Getting something for free - such as in a buy one, get one free promotion -- can make the freebie's perceived value drop. After all, if it's free, why pay for it when it's not part of the deal?
But a new paper to be published soon by the Journal of Consumer Research shows that such freebie deals also have another hidden cost -- the item that isn't the freebie also loses value in consumers' minds, according to a New York Times story.
Michael Kamins, a professor of marketing at Stony Brook University, who is one of the paper's authors, told the Times, "When you resume selling it individually, they say, 'Wasn't this that item that you had to sell something else with, to get me to buy it? It must be pretty bad.' "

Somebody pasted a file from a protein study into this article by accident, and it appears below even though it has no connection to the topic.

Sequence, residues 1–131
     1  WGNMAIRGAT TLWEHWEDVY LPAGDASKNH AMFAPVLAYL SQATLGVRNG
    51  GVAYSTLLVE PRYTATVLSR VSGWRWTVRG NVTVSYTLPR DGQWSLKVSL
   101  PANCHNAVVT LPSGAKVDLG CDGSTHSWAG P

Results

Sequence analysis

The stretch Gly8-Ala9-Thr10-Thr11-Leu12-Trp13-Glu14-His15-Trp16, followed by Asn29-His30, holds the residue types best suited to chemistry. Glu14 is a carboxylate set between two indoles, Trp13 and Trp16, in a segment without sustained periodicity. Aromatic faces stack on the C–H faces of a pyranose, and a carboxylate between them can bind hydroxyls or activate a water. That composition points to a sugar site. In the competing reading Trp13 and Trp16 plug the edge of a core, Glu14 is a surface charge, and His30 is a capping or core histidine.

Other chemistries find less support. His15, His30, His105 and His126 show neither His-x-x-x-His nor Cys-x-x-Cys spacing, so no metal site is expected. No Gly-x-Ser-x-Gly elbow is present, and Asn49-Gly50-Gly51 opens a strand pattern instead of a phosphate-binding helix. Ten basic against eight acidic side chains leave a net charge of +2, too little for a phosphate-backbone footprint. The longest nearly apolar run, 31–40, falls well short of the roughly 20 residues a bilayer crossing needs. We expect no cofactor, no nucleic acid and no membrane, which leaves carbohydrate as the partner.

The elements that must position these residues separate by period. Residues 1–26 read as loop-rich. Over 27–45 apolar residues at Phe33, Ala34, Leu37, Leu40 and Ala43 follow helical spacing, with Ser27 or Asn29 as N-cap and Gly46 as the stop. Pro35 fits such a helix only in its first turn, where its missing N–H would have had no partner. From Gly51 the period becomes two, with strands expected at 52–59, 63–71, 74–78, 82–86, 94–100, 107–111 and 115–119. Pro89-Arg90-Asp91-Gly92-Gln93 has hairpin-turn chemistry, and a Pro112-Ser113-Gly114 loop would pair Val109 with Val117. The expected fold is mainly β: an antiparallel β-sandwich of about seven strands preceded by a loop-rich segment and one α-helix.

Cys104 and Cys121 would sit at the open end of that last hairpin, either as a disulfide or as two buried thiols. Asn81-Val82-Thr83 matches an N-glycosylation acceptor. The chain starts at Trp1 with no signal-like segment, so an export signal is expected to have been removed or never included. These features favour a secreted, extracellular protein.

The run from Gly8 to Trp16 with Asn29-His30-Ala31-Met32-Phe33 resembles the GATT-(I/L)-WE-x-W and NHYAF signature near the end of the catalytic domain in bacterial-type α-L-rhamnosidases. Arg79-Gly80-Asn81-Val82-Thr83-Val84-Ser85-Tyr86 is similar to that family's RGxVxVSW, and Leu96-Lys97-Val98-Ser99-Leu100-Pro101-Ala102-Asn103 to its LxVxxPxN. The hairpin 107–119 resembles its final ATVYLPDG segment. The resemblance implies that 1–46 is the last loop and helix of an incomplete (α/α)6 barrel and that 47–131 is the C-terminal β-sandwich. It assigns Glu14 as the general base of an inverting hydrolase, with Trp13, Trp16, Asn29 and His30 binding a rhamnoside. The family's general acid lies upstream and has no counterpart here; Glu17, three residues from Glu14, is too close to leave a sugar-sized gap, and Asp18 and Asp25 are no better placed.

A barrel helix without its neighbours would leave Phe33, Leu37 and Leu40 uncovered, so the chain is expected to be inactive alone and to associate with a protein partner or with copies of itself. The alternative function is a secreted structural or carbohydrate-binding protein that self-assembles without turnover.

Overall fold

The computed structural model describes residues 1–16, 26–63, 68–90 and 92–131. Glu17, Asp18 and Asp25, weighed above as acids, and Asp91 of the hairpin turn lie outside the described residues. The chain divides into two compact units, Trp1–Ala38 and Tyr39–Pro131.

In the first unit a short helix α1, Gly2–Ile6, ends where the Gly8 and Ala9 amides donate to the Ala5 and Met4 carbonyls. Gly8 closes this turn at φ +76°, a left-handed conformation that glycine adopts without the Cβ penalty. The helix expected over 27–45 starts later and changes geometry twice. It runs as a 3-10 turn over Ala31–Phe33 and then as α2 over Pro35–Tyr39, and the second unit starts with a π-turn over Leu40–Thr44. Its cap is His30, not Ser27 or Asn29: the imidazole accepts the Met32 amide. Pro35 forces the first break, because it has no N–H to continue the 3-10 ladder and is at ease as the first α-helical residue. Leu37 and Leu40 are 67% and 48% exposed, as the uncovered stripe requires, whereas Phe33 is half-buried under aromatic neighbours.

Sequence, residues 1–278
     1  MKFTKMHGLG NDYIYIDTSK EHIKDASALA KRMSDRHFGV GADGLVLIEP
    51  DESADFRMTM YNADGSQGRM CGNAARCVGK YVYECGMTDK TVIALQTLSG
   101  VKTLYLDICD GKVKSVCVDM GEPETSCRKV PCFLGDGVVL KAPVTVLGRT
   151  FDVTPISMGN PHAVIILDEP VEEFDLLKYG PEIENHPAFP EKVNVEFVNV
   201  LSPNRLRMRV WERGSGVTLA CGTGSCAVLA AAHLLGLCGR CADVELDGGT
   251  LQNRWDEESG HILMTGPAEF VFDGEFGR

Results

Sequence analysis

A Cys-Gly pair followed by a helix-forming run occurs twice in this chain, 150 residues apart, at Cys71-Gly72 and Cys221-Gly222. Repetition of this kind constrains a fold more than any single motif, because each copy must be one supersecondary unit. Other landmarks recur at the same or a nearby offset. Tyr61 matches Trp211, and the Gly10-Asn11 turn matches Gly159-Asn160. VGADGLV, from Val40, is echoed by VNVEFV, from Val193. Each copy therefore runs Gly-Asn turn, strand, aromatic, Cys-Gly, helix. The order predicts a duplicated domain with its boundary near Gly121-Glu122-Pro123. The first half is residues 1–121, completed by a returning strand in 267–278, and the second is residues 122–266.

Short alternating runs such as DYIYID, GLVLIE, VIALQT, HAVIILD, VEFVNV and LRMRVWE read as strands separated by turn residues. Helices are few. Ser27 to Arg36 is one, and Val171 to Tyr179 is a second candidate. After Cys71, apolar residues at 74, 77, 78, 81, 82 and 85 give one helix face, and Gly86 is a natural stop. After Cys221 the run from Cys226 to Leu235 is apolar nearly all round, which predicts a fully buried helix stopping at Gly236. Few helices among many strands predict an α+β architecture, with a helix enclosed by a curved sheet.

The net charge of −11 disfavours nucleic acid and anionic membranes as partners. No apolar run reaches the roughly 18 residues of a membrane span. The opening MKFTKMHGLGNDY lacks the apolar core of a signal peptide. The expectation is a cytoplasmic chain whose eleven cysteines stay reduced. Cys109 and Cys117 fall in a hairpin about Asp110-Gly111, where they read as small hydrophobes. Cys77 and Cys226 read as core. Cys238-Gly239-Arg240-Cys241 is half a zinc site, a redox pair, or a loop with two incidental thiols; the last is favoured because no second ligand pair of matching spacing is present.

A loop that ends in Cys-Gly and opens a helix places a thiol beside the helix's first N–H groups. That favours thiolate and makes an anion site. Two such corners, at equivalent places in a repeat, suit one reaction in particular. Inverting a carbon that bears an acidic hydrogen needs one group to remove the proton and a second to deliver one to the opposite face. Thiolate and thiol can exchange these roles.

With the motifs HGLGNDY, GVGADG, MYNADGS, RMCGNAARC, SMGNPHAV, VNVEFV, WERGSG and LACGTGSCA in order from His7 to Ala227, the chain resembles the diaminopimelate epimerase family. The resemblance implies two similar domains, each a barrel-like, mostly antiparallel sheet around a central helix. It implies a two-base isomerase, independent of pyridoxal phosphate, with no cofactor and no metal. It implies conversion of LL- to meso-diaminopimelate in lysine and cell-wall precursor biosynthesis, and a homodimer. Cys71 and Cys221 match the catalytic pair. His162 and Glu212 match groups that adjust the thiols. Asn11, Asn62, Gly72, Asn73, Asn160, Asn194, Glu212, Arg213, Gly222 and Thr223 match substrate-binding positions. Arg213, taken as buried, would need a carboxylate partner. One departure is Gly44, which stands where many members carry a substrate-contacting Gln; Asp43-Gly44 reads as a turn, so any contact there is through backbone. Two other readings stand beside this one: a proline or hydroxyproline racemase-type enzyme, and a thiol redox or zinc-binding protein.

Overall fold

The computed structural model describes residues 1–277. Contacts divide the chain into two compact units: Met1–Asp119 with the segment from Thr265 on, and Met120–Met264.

In one study, Kamins auctioned off 100 pairs of coins on eBay -- an Indian penny from 1865 and a less valuable 1901 penny. He also sold some individual 1,865 pennies, in auctions visible to bidders on his bundled pennies.
When the bundles were advertised as "get a 1901 penny free," the prices of the solo older pennies suffered. When the bundle wasn't promoted as including the freebie, the individual pennies sold at a higher price.
Next time you try to sell something on eBay, don't throw in an extra item. Or at least don't if you plan on selling that extra item by itself sometime.
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